Stellantis wants to master fully its energy consumption and electric production

Carlos Tavares, CEO of Stellantis, says being worried about the soaring energy tariffs. Add to that the steeply rising prices for raw materials, and you have a perfect storm that the car boss wants to counter with a 360° vision of mastering its total energy consumption and production.

We have had the coronavirus, we still have the war in Ukraine, and there is a parts shortage. Now the energy cost to produce cars goes soaring, and at the same time, the raw material prices are rocketing. So when visiting its production plants in Metz-Trémery, the Stellantis CEO has launched the idea of producing its own energy.

To achieve this, Tavares sees different possibilities. First, there is a partnership with a specialist in energy production; for example, by covering the roofs of all factories with solar panels, there are other possibilities of producing energy and (maybe as vital) saving energy.

360° vision

For Tavares, the energy cost has become so important that it is now an integral part of the value chain. “Our strategy and ambition are to have a 360° vision on our value chain,” he said in Metz. He remembered his time in 2011, still working for Renault and spending time in Japan with Nissan when the nuclear catastrophe of Fukushima took place. Then also the industry was the first to suffer from the consequences of a possible energy shortage.

He sees parallels with the current energy crisis. “The priority of the authorities in case of energy shortage will be the energy for the households,” he says. That’s why he will accelerate his plans to save energy and produce its own energy. Part of this energy transition is, of course, the electrification of the offer. Peugeot has already announced that it will stop selling ICE cars in Europe in 2030 and wants to produce five million fully electric vehicles per year by the same year.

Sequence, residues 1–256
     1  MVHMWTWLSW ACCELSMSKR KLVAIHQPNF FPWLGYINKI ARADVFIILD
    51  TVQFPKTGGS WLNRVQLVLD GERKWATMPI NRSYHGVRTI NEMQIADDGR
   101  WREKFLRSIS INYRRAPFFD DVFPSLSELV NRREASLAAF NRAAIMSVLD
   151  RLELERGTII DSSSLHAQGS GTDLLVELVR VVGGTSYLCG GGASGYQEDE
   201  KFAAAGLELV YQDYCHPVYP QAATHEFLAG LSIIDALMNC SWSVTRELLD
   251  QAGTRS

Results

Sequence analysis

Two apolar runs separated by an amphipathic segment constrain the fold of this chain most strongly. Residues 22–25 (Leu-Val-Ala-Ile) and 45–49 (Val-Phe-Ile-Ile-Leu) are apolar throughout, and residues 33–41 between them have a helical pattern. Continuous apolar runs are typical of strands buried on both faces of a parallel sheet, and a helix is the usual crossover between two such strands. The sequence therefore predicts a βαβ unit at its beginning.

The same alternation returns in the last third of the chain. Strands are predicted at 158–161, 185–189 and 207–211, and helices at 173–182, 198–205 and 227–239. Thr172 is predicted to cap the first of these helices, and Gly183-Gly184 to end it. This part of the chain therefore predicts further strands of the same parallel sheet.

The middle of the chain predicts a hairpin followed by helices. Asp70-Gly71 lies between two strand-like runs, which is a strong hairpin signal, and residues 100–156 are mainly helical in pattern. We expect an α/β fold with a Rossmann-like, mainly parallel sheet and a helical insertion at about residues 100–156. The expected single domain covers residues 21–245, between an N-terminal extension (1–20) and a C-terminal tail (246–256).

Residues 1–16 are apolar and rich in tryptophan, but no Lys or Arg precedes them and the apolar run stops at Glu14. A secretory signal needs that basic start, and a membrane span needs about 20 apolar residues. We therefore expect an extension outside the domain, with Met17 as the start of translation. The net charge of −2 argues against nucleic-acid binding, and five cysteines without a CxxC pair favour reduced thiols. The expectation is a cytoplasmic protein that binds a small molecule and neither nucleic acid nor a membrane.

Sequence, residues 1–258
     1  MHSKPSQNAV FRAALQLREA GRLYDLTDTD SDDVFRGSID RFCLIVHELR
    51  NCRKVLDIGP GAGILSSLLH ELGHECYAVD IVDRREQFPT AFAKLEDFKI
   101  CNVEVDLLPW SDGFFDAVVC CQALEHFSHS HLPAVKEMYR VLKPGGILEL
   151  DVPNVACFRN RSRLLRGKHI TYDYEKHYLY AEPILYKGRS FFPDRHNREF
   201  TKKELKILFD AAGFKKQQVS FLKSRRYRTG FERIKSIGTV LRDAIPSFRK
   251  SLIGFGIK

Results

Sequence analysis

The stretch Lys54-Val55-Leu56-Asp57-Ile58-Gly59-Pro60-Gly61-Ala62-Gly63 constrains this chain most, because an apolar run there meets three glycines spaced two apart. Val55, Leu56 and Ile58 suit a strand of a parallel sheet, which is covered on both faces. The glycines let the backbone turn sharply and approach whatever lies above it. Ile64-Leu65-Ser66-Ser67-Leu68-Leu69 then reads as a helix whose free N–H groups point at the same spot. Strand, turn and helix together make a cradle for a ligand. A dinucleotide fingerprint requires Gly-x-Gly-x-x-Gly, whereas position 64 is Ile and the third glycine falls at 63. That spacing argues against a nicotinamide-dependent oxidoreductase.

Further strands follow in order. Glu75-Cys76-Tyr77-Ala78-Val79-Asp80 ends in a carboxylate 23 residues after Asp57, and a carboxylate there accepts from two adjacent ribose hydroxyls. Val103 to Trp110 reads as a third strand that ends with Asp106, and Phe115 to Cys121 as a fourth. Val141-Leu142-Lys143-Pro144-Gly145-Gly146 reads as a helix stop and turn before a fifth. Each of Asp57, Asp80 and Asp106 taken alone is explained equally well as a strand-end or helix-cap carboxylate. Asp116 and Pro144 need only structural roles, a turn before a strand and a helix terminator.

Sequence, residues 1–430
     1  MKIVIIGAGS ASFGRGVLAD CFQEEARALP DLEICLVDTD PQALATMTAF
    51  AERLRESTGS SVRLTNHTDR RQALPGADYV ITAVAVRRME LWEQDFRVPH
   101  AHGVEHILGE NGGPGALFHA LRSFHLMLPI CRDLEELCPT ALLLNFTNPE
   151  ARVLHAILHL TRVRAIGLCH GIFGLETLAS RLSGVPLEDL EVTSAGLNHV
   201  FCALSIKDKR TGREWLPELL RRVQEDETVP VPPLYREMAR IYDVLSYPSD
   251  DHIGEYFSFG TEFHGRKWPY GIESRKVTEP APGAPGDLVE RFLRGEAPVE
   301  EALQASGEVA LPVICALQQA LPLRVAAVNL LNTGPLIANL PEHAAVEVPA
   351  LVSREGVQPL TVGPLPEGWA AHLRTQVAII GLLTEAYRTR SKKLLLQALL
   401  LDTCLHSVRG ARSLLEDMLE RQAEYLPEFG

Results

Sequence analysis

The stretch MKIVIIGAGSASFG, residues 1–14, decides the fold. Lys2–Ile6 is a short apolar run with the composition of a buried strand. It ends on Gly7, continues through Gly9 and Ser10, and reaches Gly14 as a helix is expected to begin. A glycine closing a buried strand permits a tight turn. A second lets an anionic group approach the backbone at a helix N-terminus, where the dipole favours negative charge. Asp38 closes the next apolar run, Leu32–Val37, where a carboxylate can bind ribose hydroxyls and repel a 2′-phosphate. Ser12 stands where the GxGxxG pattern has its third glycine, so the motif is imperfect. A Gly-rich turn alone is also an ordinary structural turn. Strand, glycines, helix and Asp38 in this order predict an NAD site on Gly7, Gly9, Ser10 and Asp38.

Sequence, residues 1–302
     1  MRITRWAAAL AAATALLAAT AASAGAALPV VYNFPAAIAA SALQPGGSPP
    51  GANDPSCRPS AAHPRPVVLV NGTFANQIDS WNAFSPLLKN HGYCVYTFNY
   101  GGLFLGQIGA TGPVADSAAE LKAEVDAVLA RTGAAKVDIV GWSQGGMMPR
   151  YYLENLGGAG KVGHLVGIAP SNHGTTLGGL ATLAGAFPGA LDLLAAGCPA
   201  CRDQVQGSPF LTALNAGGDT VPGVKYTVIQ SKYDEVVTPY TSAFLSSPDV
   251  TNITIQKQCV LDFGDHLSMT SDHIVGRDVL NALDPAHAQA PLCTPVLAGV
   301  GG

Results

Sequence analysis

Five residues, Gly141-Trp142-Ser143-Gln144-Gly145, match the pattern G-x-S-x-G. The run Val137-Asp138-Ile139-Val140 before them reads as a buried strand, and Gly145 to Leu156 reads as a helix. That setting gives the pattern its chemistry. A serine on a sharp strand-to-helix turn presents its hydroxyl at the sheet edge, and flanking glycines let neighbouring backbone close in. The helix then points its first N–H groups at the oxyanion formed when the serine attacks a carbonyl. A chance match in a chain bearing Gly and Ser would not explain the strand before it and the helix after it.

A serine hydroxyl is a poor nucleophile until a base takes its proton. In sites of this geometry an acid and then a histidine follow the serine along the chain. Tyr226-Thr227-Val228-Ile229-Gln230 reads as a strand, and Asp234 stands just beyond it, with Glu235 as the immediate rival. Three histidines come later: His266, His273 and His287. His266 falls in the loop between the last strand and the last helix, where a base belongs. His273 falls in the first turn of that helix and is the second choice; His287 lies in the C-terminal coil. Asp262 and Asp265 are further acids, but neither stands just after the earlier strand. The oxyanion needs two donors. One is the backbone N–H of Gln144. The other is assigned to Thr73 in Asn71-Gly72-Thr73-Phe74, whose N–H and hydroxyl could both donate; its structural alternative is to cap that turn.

In both cases, these manufacturing plants for drive trains in the northeast of France still produce ICE engines (and the transmissions for them) at 85%. In two years, this will have gone down to 50%, and this will continue. In Trémery, Stellantis has created a joint venture with the Japanese company Nidec, specialized in small electric motors. This company, called eMotors, will soon build all electromotors that Stellantis was buying from Vitesco (Continental) until now.

“Today, only one-quarter of the premises are already occupied,” says Eric Demange, director of the production plant Trémery, “but in 2024, we will occupy the full 30 000 m2 and produce 1 million electromotors every year.” At the moment, Stellantis is still producing some 500 000 units with parts coming for 95% from China; in two years, 90% of the parts will be sourced in Europa, and eMotors will produce cheaper and better motors.

In Metz, the manufacturer is cooperating with Punch Powertrain. The joint venture eTransmissions will build transmissions dedicated to hybrid and plug-in hybrid vehicles and later maybe also to fully electric vehicles. The production will be increased to 600 000 units in 2024.

Another battery plant

At the same time, Stellantis has officially confirmed plans to build a third Automotive Cells Company (ACC) battery factory in Termoli, Italy. For this purpose, Stellantis’ existing engine plant will be converted into a battery factory.

By 2030, this joint venture of Stellantis, Total, and Mercedes-Benz, aims for a total battery cell capacity of at least 120 GWh. The Termoli plant will have a capacity of 40 GWh in this, while two other ACC plants in Douvrin (France) and Kaiserslautern (Germany) are planned to be upgraded from their initial 24 GWh each to 40 GWh each.

The conversion of Stellantis’ current engine plant in Termoli into a battery factory will begin in 2024, with production to start by 2026. ACC expects the battery factory to reach total capacity in 2030 with around 2 000 employees.

The reconversion of all these plants from producing ICE engines and transmissions into electrification factories (electromotors, transmissions, and batteries) can significantly affect the number of employees occupied there. Stellantis has promised to give workers’ unions full updates about its plans but didn’t give specific details yet.




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